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IPv6 Routers Get a Run-Through

Light Reading
News Analysis
Light Reading
2/26/2003

A recent test of routers designed to handle Internet Protocol (IP) version 6, an improved version of the protocol used for Internet traffic, highlights progress and the need for further development.

Results of the test, which was conducted by BII Group, a Beijing-based institute that's led the charge on rolling out a commercial IPv6 network in China, are presented and summarized in a new Light Reading report (see IPv6 Router Test).

By and large, the IPv6 routers in the test conform with key standards, they interoperate with each other, and they deliver good performance in most circumstances. But there's clearly room for improvement.

In his report, Hua Ning, BII's CTO, studiously avoids criticizing vendors or their equipment and says the tests weren't intended as a performance comparison anyhow. All the same, the results invite such comparisons, which are undertaken in Light Reading's report, culled from Ning's results.

Conducted with equipment from Agilent Technologies Inc. (NYSE: A), the test included the M20 from Juniper Networks Inc. (Nasdaq: JNPR), as well as the following routers from Japanese vendors that have focused on enhancing their wares to deliver high performance when handling IPv6 traffic:

By demonstrating the availability of high performance equipment, the test adds to the momentum building behind IPv6. And of course, that raises a question: Why didn't Cisco Systems Inc. (Nasdaq: CSCO) participate in this test? A Cisco spokeswoman told Light Reading today (Feb. 26) that "the request to support the Beijing Internet Institute test came in too late for Cisco China to pull together the equipment and prepare the test bed, so we had to decline."

The test also points to the need for further development work among router vendors. In particular, the maximum number of routing table entries handled by the Japanese equipment is very low. And some of the routers also appear to struggle when handling floods of small packets.

It could be argued that vendors have got plenty of time to address these points. The amount of IPv6 traffic at Internet exchange points is still very low. Still, service providers need to think ahead when they're buying core routers – and IPv6 traffic volumes could explode in the coming years, as wireless access to the Internet takes hold. This is particularly true in the Asia/Pacific region, where the shortage of IPv4 addresses is most acute.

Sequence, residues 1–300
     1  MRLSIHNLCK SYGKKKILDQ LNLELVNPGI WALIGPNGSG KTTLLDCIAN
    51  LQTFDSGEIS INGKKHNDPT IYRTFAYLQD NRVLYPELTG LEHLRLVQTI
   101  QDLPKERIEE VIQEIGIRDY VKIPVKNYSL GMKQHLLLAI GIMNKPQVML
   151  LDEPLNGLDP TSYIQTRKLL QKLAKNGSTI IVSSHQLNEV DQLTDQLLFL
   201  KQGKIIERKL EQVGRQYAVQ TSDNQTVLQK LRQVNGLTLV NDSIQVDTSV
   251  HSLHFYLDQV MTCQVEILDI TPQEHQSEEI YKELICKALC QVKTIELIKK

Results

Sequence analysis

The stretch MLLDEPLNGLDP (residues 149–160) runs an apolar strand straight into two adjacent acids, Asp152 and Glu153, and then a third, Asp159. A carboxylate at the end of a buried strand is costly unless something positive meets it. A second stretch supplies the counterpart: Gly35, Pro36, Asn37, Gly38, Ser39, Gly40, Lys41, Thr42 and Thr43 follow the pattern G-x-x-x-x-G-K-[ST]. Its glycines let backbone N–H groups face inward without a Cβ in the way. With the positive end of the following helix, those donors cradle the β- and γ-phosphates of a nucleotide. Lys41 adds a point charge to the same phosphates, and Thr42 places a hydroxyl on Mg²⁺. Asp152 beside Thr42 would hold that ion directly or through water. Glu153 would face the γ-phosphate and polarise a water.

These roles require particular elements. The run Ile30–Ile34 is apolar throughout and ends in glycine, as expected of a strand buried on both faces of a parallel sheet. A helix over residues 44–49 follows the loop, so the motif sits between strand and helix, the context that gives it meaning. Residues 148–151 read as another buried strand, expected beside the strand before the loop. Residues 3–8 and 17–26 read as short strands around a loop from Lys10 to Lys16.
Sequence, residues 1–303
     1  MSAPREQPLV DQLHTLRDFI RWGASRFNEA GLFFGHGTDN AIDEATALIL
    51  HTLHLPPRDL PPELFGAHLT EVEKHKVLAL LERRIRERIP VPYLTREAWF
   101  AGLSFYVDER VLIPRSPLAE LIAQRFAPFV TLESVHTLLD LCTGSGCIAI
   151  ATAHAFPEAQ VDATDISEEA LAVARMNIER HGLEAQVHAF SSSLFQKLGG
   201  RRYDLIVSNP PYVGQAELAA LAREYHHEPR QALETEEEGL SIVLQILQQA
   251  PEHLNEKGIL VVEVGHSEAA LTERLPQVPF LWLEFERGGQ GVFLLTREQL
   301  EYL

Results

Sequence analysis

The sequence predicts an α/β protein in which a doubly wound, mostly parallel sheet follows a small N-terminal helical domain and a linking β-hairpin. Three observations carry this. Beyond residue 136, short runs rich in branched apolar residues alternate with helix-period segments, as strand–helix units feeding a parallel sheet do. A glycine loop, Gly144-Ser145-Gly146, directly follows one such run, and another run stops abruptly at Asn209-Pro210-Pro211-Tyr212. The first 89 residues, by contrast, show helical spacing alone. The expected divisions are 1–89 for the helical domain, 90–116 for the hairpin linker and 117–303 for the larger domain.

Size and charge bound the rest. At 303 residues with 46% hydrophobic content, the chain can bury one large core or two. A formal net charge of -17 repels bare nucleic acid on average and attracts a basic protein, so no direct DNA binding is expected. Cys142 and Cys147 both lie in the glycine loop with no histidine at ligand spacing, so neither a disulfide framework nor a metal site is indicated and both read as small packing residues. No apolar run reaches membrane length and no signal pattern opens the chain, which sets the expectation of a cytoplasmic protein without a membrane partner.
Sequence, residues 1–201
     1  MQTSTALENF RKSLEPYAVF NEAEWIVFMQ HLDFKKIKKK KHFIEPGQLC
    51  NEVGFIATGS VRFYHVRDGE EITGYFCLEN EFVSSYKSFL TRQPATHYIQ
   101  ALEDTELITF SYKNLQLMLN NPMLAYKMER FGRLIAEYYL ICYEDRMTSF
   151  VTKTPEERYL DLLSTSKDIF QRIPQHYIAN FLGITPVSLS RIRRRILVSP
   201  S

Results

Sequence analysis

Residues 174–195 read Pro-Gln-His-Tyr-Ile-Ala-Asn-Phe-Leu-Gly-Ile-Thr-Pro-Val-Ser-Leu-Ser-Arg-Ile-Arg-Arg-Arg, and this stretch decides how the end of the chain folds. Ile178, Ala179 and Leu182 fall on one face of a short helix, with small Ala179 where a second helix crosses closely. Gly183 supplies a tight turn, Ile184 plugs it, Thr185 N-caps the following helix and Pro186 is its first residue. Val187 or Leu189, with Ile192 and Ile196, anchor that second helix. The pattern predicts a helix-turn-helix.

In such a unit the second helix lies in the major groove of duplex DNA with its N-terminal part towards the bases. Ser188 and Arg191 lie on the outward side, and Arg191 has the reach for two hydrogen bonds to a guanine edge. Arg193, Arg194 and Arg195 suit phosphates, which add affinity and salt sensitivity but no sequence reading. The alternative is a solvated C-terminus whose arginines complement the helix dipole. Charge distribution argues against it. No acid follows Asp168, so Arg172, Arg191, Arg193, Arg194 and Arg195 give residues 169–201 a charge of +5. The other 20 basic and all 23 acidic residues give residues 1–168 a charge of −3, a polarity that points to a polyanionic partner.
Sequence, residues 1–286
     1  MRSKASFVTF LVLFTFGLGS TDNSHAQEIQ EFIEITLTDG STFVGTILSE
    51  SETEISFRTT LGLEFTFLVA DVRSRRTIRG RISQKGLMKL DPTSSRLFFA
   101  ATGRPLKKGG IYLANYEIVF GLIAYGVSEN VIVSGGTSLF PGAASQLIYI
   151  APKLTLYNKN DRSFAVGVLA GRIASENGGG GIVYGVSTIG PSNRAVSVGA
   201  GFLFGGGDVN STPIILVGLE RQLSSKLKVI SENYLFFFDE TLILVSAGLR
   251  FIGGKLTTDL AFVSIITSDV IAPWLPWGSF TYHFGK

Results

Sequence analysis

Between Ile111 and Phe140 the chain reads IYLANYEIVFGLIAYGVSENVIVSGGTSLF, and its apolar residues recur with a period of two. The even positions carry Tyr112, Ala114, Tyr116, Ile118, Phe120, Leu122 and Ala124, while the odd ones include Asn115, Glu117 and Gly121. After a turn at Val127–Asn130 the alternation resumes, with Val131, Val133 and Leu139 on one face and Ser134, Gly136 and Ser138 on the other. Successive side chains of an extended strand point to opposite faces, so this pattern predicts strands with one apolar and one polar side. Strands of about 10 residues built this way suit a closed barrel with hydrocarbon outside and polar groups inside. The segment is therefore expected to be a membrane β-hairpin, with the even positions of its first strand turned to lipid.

The full report is here: IPv6 Router Test.

— Mary Jander, Senior Editor, Light Reading

Want a deeper understanding of the issues involved in integrating IP and optical technology? Check out the first module of Light Reading University's course on the topic. Click on this link to check it out for free!

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RussJ
RussJ
12/5/2012 | 12:33:00 AM
re: IPv6 Routers Get a Run-Through
Skeptic: "I'm saying that nobody should deliberatly design a system that reorders packets period."

Ok, so right off the bat I'm going to assume you don't know what you're talking about. You're either a software guy or a marketting guy.

I thought you might get caught up in the "flow awareness" thing, but I'll try to explain.

Many network processors are multithreaded internally, and can process one packet whilst another is blocked on an external resource (such as a route lookup). Some packets take longer to process than others (e.g. one packet may be terminating an IP in IP tunnel, whereas another may be straight, simple routing). Or maybe one packet is received on an interface that has more expensive policies enabled than another interface. Point is, you want to dispatch packets out of the network processor as quickly as possible - but no quicker.

Some forwarding subsystems have the notion of an "ordering id" - packets that arrive with the same ordering id will have their egress order enforced.

So you want to assign the same ordering where it makes sense. My example was packets with the same IP destination address (not as granular as it could be, but simple enough to get your head around).